Investing in residential property is a popular way to build wealth. If you’re a new investor, accessing the equity built up in your family home can represent a quicker way for you to enter the property investment market than saving up for a deposit. Here are a few basic things to know about financing an investment property by releasing the equity in your home.
Using equity to start your property portfolio
As a homeowner, you build up equity in your home by paying off your mortgage, and through the realisation of any capital growth.
Instead of waiting months or years, and in many cases, making considerable lifestyle sacrifices in order to save up for a deposit, you may be able to release the equity in your home and refinance your mortgage in order to invest in your first commercial or
The amount of equity you have in your property is usually calculated by subtracting any remaining debt on your mortgage from the current market value of your property. It’s also important to note that lenders will have their own methods for assessing the market value of a property.
Common loan options and features
Depending on your lender and mortgage, you can choose from a range of loan options and features when financing an investment property:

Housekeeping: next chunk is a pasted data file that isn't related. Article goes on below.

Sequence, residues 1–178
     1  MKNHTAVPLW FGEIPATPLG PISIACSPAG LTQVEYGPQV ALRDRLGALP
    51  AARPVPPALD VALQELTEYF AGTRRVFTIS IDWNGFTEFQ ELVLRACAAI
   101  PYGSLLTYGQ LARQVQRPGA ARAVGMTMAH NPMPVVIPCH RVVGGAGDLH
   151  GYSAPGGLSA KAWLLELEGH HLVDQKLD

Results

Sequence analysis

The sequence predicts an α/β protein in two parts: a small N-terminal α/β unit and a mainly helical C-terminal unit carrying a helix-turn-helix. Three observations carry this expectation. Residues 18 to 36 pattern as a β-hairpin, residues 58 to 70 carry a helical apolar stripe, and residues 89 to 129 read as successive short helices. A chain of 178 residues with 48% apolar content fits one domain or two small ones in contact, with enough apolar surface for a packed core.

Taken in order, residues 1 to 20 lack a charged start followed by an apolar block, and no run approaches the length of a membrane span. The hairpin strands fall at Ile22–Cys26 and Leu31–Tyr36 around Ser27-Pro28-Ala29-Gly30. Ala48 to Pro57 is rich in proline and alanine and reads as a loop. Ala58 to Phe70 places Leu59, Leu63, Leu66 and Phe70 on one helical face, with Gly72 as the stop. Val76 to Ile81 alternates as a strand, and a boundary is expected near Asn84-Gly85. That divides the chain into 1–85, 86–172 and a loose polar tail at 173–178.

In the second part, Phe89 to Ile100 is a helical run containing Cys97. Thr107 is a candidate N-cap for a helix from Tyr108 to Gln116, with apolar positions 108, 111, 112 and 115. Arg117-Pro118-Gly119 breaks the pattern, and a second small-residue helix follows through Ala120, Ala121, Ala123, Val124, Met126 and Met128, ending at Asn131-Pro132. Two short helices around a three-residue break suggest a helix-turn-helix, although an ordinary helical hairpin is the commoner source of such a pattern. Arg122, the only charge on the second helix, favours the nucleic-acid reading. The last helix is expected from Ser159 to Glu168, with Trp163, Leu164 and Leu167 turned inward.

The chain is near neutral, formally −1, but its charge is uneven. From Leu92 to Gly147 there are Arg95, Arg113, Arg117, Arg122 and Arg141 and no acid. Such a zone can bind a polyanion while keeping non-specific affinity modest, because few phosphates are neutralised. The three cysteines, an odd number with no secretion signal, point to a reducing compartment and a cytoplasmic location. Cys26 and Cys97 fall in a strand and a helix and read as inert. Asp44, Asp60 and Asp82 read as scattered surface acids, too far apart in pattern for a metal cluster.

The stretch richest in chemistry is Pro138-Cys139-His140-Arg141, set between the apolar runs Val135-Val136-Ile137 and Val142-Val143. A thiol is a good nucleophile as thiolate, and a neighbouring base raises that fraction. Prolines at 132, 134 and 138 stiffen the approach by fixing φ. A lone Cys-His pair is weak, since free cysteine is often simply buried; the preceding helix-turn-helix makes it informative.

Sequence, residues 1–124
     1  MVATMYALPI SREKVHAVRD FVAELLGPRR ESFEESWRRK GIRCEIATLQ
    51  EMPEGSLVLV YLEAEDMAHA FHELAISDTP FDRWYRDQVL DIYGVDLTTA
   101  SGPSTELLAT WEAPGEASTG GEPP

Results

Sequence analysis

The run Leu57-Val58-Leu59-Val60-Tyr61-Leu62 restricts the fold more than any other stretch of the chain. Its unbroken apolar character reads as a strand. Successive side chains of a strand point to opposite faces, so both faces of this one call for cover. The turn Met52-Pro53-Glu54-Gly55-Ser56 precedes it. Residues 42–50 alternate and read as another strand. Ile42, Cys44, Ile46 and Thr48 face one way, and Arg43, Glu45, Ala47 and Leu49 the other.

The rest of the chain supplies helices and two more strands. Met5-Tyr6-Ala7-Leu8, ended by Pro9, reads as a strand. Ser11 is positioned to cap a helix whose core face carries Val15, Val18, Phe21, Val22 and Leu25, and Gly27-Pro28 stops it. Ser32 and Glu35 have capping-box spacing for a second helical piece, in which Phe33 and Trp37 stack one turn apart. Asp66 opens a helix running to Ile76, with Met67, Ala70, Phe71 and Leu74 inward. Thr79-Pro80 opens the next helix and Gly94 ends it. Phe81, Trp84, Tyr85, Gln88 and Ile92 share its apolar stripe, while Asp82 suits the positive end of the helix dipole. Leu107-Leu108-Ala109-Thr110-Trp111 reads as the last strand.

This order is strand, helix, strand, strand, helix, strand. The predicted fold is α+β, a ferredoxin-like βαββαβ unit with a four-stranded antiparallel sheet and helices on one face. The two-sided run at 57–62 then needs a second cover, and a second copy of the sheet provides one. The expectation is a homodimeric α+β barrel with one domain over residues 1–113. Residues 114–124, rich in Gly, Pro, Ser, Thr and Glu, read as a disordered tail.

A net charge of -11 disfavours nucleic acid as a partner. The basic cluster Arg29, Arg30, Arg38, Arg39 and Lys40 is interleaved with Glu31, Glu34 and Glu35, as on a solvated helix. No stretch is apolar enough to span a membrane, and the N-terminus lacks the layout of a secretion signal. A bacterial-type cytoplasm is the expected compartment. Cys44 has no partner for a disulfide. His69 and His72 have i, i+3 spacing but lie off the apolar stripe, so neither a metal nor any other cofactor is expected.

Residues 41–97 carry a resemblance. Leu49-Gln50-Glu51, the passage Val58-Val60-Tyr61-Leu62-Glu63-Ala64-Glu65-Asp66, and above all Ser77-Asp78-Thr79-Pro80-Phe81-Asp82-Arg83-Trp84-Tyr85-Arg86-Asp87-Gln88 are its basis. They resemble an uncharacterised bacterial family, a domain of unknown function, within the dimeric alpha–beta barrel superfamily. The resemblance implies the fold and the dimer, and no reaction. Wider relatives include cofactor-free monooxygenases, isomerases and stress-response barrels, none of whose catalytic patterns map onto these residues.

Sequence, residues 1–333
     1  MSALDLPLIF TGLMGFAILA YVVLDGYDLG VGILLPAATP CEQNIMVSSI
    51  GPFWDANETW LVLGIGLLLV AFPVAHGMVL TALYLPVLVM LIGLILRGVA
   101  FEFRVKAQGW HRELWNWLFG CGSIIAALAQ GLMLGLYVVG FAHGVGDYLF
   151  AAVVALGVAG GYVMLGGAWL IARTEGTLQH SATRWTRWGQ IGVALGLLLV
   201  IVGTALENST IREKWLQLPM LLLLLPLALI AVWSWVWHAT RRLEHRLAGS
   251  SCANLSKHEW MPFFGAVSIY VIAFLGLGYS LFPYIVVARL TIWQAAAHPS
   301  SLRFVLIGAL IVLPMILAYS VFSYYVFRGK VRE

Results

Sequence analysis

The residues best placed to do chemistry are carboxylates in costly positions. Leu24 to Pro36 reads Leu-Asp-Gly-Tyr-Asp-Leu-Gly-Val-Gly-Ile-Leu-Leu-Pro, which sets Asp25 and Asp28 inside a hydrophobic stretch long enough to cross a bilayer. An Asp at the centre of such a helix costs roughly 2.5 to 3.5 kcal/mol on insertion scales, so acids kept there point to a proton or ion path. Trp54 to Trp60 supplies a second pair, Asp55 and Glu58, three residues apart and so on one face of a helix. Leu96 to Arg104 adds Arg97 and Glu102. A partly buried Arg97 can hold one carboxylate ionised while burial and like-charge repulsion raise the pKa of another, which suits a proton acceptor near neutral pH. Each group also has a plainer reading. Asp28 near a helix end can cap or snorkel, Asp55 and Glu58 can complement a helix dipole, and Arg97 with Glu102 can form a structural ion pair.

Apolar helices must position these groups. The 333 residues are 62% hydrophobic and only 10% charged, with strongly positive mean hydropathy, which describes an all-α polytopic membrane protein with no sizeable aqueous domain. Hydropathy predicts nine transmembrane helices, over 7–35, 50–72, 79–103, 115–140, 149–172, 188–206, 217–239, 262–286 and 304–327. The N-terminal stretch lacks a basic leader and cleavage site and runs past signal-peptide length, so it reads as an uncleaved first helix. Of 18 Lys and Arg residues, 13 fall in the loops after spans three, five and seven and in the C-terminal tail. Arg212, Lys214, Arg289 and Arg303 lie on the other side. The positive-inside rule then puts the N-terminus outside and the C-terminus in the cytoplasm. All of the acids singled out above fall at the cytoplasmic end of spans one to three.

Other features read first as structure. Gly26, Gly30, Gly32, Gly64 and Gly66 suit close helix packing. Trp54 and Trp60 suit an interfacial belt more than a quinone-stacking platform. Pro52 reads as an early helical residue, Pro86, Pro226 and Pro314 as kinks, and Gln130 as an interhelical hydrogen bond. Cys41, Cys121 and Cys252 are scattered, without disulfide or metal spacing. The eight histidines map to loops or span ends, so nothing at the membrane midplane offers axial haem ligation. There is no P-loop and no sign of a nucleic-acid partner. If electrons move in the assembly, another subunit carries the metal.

- Redraw facility. A redraw facility is an excellent feature to add to your property investment loans. Redraw facilities usually work by letting you redraw any additional repayments you have made. This can be useful if, for example, you need to fund repairs, or maintenance.
- Offset accounts. A mortgage offset account gives you the option to use any deposits in the account to offset your loan balance. This usually results in a reduction of the interest payable on your investment loans.
- Additional repayments. You may also have the choice of making additional repayments on your investment loans, which can reduce the total interest paid, and the duration of your mortgage.
- Interest-only repayments. Opting for a period of interest-only repayments can allow you to free up more cash, which you may even want to look at diverting into financing another investment property.
Potential tax savings and exemptions
Many property investors make use of a negative gearing strategy. This may be available to you if the costs of maintaining your property (including the loan used to fund it) exceed the rental income. You can offset this loss against your other assessable income, such as your personal income or income from a business.
Another possible strategy is choosing to pay the interest on your investment property loans for the coming year in advance, as a lump sum. Paying interest in advance can be advantageous if your income has been larger than expected in the current financial year, or if you are seeking a way to offset a large capital gain in that year.
The types of tax savings and deductions available will vary depending on your circumstances, so always seek independent advice from your accountant or tax advisor on the viability of any investment before committing to it.
To find out more about loan options for buying an investment property, contact us today. Our experienced consultants can assist you with exploring potential investment loans, and help you take you first step towards building a property portfolio, and a financially secure future.